At May’s World Economic Forum on Africa in Nigeria, the second round of grants were announced for the “GE Power Africa Off-Grid Challenge,” sponsored by the U.S. African Development Foundation, GE Africa and the U.S. Agency for International Development (USAID) – this year offering even more grant money.
“The one thing that has changed is that USAID has come on board this program allowing us to not just double the grants but to triple them… reaching all the countries involved in Power Africa,” Patricia Obozuwa, Director of Corporate Communications for GE Africa told AFKInsider.
Later in May, Secretary of Commerce Penny Pritzker led 20 American companies on an “Energy Business Development trade mission to West Africa,” which visited Ghana and Nigeria to “promote U.S. exports to Africa by helping U.S. companies’ launch or increase their business in the energy sector in West Africa,” according to the Commerce Department.
Next up was U.S. Agency for International Developmen Administrator Rajiv Shah, who traveled to Ethiopia June 3-4 to meet with local government officials to discuss support for sustainable energy during the U.S.-Africa Energy Ministerial,co-hosted by Secretary of Energy Ernest Moniz and Ethiopian Minister of Water, Irrigation and Energy Alemayehu Tegunu. It was during that trip Secretary Moniz announced the new “Power Africa Beyond the Grid” initiative to leverage partnerships with 27 companies committing to invest over $1 billion into off-grid projects as a supplement the existing “Power Africa Off-Grid Challenge.”
The U.S. Trade and Development Agency was also making the rounds. During a month-long series of trips to western, eastern and southern Africa, Director Leocadia I. Zak signed grants for seven new energy projects in Nigeria, Tanzania and South Africa.
At the Energy Business Development Mission to West Africa in May, Director Zak signed three grants for energy projects in Nigeria. Later at the U.S.-Africa Energy Ministerial in June, Zak signed two grants supporting renewable energy projects – one each in Tanzania and South Africa – and then traveled south where she signed two more grants for renewable energy projects in South Africa.
The U.S. Trade and Development Agency wrapped-up it’s road trip at June’s 16th annual Africa Energy Forum in Istanbul.At that Forum, delegates from the who’s who of Power Africa’s government funding agencies highlighted successes from the first year of the Power Africa initiative during a roundtable on “Accessing the U.S. Government’s Toolkit for Africa’s Power Sector.”
While the U.S. has been making their energy funding options and initiatives known, African energy ministers have been formalizing their own plan to pursue wider energy equality in the region themselves: the “Vision for African Power.”
Though vague, the African Power Vision is derived from the “Program for Infrastructure Development in Africa,” which is jointly sponsored by the African Union Commission, New Partnership for Africa’s Development and African Development Bank. According to the African Development Bank, the “Vision” is to “harness all African energy resources to ensure access to modern energy for all African households, businesses and industries by developing efficient, reliable, cost effective and environmentally friendly energy infrastructure resulting in poverty eradication and vigorous sustainable development of the continent.”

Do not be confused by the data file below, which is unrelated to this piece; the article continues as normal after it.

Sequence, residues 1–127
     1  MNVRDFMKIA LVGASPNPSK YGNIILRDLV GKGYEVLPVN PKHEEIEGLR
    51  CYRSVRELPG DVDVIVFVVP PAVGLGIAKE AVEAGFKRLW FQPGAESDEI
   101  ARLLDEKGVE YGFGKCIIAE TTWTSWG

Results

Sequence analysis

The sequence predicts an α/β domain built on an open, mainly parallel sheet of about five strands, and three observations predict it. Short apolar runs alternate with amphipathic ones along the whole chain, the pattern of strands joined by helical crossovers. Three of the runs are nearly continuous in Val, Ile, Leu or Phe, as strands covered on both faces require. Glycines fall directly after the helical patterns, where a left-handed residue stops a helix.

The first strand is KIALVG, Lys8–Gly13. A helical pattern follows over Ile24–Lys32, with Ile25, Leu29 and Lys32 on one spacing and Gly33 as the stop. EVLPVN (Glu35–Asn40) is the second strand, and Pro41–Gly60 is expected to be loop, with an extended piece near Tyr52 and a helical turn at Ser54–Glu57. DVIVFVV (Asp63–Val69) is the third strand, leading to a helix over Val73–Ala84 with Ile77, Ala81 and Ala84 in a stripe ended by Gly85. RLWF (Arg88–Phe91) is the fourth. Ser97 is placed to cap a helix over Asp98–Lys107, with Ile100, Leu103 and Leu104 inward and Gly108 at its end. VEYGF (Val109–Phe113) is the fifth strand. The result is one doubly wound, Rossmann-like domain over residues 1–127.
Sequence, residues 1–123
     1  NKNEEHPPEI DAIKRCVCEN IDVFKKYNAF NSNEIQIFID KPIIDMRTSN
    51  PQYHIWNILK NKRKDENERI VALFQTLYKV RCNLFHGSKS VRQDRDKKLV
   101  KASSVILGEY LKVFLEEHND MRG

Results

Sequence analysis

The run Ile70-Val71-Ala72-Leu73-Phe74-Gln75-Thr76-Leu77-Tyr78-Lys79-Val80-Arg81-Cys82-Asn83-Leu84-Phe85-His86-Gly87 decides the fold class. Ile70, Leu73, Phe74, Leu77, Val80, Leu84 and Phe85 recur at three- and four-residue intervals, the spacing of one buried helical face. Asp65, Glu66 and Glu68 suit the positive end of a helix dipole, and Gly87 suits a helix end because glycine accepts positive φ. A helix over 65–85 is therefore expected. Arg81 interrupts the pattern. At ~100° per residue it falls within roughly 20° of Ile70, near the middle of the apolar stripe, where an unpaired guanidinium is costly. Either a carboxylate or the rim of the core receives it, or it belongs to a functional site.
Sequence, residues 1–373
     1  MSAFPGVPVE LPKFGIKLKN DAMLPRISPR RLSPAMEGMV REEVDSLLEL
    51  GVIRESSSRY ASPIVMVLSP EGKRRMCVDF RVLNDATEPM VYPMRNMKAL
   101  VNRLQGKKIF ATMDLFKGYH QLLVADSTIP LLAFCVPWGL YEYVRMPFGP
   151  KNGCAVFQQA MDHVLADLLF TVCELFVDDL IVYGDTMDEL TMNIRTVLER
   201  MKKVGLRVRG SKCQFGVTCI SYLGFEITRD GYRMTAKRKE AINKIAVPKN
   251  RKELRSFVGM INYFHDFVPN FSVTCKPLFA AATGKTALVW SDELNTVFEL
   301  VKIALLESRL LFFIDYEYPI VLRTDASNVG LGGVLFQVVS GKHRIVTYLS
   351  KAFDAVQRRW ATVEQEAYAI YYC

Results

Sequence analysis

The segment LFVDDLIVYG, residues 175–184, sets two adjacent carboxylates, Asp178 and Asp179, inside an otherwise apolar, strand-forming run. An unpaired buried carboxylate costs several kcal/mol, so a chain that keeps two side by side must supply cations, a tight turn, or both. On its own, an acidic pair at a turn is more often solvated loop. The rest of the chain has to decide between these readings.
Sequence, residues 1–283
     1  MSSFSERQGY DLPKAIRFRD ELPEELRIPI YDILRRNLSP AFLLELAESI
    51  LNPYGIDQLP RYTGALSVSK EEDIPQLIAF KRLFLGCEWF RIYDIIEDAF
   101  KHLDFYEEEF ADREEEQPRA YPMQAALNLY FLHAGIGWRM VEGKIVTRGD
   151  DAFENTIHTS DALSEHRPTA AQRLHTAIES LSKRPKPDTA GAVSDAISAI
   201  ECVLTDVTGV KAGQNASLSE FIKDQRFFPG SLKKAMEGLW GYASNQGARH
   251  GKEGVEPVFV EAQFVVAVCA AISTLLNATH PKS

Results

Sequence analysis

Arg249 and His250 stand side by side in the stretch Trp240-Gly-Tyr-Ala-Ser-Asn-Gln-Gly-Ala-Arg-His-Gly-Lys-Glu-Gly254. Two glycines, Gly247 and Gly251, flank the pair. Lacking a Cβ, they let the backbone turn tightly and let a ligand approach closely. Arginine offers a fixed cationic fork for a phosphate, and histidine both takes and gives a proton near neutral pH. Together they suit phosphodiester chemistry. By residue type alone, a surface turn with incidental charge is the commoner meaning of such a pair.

A meeting of African energy ministers was held March on the side-lines of the seventh Joint United Nations Economic Commission for Africa /African Union Annual Conference of Ministers of Finance, Economy, Planning and Development where a draft “Vision for African Power” was reviewed.
Another ministerial consultation on this Africa Power Vision took place on the margins of May’s World Economic Forum on Africa, held in Abuja. Convened by the Minister for the Economy and Minister of Finance for Nigeria, Dr. Ngozi Okonjo-Iweala and co-hosted by Chinedu Osita Nebo, the Nigerian Minister of Power, that meeting further hashed-out details of the “Vision for African Power” to develop a roadmap to bring to the upcoming U.S.-Africa Leaders Summit.
Carlos Lopes, Executive Secretary of the United Nations Economic Commission for Africa, stated: “The Power Africa Initiative is an enabler, and the Africa Power Vision, derived from the Program for Infrastructure Development in Africa is focused on making projects more bankable and easier to sell.”
The Africa Power Vision roadmap was further discussed on the sidelines of June’s African Union Summit in Equatorial Guinea to get a final consensus.
But when and how the Africa Power Vision roadmap will be presented during the U.S.-Africa Leaders Summit is hard to say, though Tuesday’s big event U.S.-Africa Business Forum seems the logical choice.
“I think you’ll hear about that at the Summit,” Corporate Council on Africa’s Hayes told AFKInsider, who notes that it’s also bound to come up at the Corporate Council’s panel discussion during the Power Africa luncheon on Aug. 4, where energy ministers from Kenya, Nigeria, Cote D’lvore, and maybe Ethiopia will be on hand.
“Part of our plan was to have the energy ministers themselves, rather than U.S. government speakers, to talk about the Africa Plan. So I think you’ll hear about that from some of the energy ministers,” says Hayes.
In fact, much of what gets done at these types of summits and conferences happen in the fringes rather than the main event.
“There will be a lot of quality things happening around the margins,” former Connecticut Congressman Toby Moffett told AFKInsider.
More on that in Part 4 of this series.
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